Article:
Random Fact Sheet #339 – Beyond Expectations: 30 Mind-Blowing Facts That Will Amaze You

1Rolls-Royce Ghost's Sound-Proofing

Rolls-Royce Ghost's Sound-Proofing

The soundproofing of the new Rolls-Royce Ghost was so over-engineered that occupants in the car found the near-total silence disorienting, and some felt sick. Acoustic engineers had to go back and work on "harmonizing" various sounds in the car to add a continuous whisper.

2. After 5 Tamil chiefs defeated the Sri Lankan king Valagamba in 103 B.C., one of them became king but was eventually slain by another, who also became king before being slain by another, and so on until only one remained. Then Valagamba returned, slew the last one and took back his throne.

3. Kriegspiel is a chess variant where each player can see their pieces, but not those of their opponent. Players attempt to move on their turns and the umpire declares their attempts 'legal' or 'illegal.' If the move is illegal, the player tries again; if it is legal, that move stands.

4. NASA logo merchandise has been seeing growing demand since 2017 when luxury fashion brand Coach asked permission to use NASA's 1970s-designed, retro red logotype for its collection and then approval requests doubled. NASA doesn't make a cent off merchandise bearing its name.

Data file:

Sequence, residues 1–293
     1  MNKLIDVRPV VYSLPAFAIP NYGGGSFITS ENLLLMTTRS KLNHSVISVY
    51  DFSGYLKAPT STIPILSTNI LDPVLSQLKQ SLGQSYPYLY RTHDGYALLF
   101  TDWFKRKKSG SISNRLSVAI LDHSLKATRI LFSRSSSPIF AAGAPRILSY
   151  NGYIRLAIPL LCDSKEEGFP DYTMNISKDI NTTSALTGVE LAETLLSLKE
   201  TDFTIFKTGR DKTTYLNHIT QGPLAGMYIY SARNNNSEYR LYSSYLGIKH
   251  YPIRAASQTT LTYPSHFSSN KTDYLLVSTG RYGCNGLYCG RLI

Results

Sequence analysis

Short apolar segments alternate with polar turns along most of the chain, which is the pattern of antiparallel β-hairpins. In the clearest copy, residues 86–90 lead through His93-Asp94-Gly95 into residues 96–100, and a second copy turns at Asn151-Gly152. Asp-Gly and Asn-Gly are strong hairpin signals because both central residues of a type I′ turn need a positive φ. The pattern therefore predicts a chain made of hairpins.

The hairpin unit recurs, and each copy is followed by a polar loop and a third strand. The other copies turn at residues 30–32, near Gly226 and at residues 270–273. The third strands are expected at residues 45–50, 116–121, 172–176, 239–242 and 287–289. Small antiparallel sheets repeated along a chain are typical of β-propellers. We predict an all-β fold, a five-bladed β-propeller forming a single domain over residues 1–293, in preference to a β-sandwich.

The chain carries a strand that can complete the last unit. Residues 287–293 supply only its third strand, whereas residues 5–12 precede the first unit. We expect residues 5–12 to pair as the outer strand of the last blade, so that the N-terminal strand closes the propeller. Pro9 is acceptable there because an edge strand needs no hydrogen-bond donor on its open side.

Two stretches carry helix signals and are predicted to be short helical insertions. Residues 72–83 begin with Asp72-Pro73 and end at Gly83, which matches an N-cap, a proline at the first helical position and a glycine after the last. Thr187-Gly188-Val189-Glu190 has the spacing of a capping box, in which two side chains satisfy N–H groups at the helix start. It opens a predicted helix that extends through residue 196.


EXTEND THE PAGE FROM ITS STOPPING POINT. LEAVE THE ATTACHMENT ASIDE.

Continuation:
5. Most US commercial radio stations east of the Mississippi river start with the letter 'W' and west start with the letter 'K.' By law, these call signs must be announced at every top of the hour.

6Golden Gate Bridge Earthquake

Golden Gate Bridge Earthquake

During the construction of the Golden Gate Bridge an earthquake struck it in 1935. A dozen workers were trapped on top of one of the towers, swaying 16 feet back and forth, while their coworkers were throwing up on the deck.

7. Potassium's main role in the body is to help maintain normal levels of fluid inside our cells whereas sodium maintains normal fluid levels outside of cells. Potassium also helps muscles to contract and supports normal blood pressure.

8. Mud Dauber Wasps reproduce by building tubular nests out of mud, then going out and gathering spiders by paralyzing them then sealing them inside the nest with an egg. The offspring will then consume the paralyzed spiders when it hatches.